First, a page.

This is a writing sample by “nycghostwriter,” AKA Barbara Finkelstein. It is “Tribute to The Phantom Tollbooth,” an essay, published on HeadButler.com. You can get professional ghostwriting services from a published non-fiction writer. Email me or fill out the short form on my contact page.
Published: February 20, 2012 | Category: Children
When The Phantom Tollbooth was published in 1961, critics complained that children wouldn’t understand it. It’s certainly true they wouldn’t understand its “intertextual” associations, as a professor or two did, or its use as a metaphor by computer scientists at UC San Diego, who co-authored a research paper called “The Phantom Tollbooth: Privacy-Preserving Electronic Toll Collection in the Presence of Driver Collusion.” The fact is that Norton Juster’s children’s book, illustrated by Jules Feiffer, has meant so much to so many people who encountered it in childhood that it keeps resonating with them for the rest of their lives.
I like to think that for the past fifty years, children have been doing what Maurice Sendak says they do: Read whatever they want and figure it out for themselves. God bless my parents. They were thrilled to see nine-year-old me reading A Stone For Danny Fisher by Harold Robbins and Marnie by Winston Graham because they trusted words and ideas to take up the task of educating me. I loved those books, but even more, I loved being left alone to puzzle out what adultery was in the former and the “female criminal mind” in the latter. It took me a couple of decades, but I caught on, and critics didn’t have to worry that I didn’t get it.
You do have to pity critics a little. The ones who worry about so-called reader response don’t fully trust people to figure things out for themselves. That’s why you see them tell us that “Downton Abbey” is a British costume drama about being brought everything on a silver salver. Or that Adele’s music reinforces the “values of an older generation suspicious of change.” Or that Leonard Cohen “is not what he once was, but he’s still got some good lines.” Part of me is impressed that with 12.8 million Americans out of work, three critics are working overtime to come up with these deep thoughts — and are getting paid for them too. Why can’t I get a job like that?
I digress, but that’s precisely what The Phantom Tollbooth does. Milo, the novel’s nine-year-old hero, takes a long, digressive route through terror and joy. Once he passes into the Land of Expectations, he aims to seek out an “interesting game” and be back in time for dinner. On his roundabout way home, he learns that the sister princesses, Rhyme and Reason, have been banished to the Castle in the Air for the crime of trying to reconcile art and science. He attempts during a long afternoon of childhood to restore the sisters to their rightful throne in Dictionopolis and Digitopolis. [To buy the paperback from Amazon, click here. For the Kindle edition, click here. To buy the DVD of the animated film, click here.]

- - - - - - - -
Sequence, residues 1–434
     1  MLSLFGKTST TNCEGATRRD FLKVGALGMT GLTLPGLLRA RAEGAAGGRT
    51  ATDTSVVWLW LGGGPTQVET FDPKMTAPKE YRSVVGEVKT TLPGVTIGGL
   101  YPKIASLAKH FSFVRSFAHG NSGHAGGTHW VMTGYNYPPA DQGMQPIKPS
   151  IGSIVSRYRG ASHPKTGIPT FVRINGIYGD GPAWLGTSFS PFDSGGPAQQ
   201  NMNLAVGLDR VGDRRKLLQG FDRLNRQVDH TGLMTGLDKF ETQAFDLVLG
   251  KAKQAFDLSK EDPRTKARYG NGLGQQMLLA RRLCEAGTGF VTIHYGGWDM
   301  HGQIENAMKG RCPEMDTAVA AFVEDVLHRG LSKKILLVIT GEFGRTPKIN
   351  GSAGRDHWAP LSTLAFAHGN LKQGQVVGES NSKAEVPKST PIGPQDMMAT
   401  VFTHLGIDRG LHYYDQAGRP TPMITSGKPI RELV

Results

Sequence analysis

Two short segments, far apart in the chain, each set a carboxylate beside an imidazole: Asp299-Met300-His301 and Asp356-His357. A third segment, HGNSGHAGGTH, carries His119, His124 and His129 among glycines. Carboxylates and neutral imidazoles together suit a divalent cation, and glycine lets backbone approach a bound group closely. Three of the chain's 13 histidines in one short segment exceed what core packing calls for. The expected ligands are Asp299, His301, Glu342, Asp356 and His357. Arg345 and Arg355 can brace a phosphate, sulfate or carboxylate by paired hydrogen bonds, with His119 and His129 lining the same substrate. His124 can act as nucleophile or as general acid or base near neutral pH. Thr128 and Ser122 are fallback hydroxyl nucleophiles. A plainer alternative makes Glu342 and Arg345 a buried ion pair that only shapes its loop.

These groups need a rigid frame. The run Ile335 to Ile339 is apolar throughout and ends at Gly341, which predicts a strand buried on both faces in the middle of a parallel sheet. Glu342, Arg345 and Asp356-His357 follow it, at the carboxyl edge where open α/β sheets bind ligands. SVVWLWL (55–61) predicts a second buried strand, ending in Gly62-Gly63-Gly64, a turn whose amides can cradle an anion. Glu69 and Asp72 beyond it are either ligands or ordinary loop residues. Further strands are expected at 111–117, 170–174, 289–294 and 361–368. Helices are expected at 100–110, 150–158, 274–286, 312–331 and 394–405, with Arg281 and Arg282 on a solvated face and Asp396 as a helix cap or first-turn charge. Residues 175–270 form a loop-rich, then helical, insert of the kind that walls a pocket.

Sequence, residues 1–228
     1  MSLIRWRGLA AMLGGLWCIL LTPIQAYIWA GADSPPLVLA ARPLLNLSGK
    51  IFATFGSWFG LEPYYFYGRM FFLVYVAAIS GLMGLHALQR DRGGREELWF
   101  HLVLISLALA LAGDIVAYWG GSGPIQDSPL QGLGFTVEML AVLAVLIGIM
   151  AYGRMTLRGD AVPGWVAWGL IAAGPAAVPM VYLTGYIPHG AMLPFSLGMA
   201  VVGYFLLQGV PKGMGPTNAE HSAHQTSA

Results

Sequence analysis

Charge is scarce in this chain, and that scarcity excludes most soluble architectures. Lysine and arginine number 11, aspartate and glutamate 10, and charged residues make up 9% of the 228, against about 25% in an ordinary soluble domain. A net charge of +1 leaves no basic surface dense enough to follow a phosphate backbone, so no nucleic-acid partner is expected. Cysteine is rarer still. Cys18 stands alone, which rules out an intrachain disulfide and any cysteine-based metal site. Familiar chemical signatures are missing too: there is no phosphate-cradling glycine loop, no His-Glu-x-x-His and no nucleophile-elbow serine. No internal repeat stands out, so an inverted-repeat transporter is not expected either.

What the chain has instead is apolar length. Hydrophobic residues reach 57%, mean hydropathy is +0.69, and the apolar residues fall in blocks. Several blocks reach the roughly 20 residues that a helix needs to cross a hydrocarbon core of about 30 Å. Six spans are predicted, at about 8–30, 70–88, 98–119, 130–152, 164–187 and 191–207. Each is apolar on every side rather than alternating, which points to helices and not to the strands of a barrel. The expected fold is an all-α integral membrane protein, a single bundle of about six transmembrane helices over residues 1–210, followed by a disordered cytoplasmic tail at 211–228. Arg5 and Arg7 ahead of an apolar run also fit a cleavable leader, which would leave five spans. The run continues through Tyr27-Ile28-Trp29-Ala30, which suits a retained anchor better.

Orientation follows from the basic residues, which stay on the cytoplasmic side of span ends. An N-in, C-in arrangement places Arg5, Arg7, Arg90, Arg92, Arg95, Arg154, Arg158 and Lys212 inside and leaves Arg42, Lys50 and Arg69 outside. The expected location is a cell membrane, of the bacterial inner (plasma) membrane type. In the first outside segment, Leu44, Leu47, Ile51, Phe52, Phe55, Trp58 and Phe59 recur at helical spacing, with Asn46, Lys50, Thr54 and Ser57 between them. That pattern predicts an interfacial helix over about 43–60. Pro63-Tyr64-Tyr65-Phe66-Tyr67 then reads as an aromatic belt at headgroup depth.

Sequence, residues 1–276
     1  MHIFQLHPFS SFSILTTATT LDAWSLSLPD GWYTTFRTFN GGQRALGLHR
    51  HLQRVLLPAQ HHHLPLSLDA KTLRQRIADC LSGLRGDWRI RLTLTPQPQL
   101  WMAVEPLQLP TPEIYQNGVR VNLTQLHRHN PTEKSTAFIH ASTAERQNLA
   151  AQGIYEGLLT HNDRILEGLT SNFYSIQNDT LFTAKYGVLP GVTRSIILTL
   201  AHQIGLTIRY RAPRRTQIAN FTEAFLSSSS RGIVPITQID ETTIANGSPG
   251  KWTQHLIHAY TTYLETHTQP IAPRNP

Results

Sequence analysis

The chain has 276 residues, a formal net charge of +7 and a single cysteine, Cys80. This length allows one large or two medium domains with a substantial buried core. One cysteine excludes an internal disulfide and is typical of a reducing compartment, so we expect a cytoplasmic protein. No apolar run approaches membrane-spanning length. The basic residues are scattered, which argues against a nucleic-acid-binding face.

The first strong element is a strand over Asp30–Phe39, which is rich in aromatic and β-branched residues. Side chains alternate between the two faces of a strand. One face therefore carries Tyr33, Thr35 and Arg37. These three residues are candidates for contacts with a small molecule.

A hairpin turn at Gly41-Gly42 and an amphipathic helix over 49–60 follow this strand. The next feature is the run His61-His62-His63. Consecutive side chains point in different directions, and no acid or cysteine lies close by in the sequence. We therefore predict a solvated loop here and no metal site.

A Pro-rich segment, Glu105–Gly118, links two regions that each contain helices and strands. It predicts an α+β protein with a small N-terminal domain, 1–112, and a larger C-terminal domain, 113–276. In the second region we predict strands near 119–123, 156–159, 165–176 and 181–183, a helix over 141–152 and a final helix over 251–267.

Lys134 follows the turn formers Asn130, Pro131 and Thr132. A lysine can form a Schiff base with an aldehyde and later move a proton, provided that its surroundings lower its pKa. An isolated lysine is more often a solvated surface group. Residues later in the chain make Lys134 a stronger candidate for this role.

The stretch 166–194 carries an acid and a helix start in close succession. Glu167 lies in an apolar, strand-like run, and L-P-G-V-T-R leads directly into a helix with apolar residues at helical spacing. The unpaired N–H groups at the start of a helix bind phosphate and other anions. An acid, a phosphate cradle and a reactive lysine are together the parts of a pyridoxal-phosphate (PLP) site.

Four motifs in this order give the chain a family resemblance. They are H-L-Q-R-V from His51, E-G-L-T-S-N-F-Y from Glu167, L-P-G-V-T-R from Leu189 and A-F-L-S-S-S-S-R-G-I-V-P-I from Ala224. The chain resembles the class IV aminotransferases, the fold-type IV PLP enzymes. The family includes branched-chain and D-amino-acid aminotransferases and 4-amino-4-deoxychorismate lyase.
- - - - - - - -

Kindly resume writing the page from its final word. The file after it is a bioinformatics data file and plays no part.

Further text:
A detailed description of fantasy fiction tends to obfuscate more than intrigue, but suffice it to say that Milo befriends a dog, who is really a clock, and a humbug who endearingly says and does the wrong thing every time. The three friends pass through Foothills of Confusion and Mountains of Ignorance, where they meet the mutual enemies Azaz the Unabridged and Mathemagician. They eat a square meal, bite off more than they can chew and savor a synonym bun. “I didn’t know I would have to eat my words,” Milo says.
The technical term for these literary antics is Menippean satire — fiction “characterized by attacking mental attitudes instead of specific individuals” — but the genre is weirder and harder to describe than that. Menippean satire is part fantasy, like Gulliver’s Travels, and part sci-fi, like Lucian’s stories about floating cities, and part juvenilia, like William Steig’s Sylvester and the Magic Pebble. Like these works, The Phantom Tollbooth is silly and grand. It sets out to do the arrogant and humble work of all satire: to speak truth to power. Every reader will figure out what that truth is for himself, but it helps to have a deep appreciation for the absurd.
I realize I’m doing the very thing I accuse critics of doing. I’m over-explaining, but I can’t help but think this Menippean business has something to say to us. The genre is named after Menippus, a third-century Greek rhetorician and former slave. Sadly, everything Menippus ever wrote is lost to history. That tells you something about the lasting impact of his phantom work that he is remembered today, however orthogonally.
We probably don’t have to worry about The Phantom Tollbooth vanishing in the way that Menippus’ work did. We’ve got digitization to thank for that. But we early twenty-first-century readers might begin worrying about a certain “readerly” sensibility quashed by too much digitization, too much time spent browsing our smart gadgets, and too much faith in the search results they deliver to us.
“Search” once meant what Milo and his literary cohort took it to be: a sentimental journey through imagination. It’s this capacity for unhurried exploration we stand to lose. Of all the interpretations that the critics (I among them) spout about Norton Juster’s book, I hope this is one we can honor.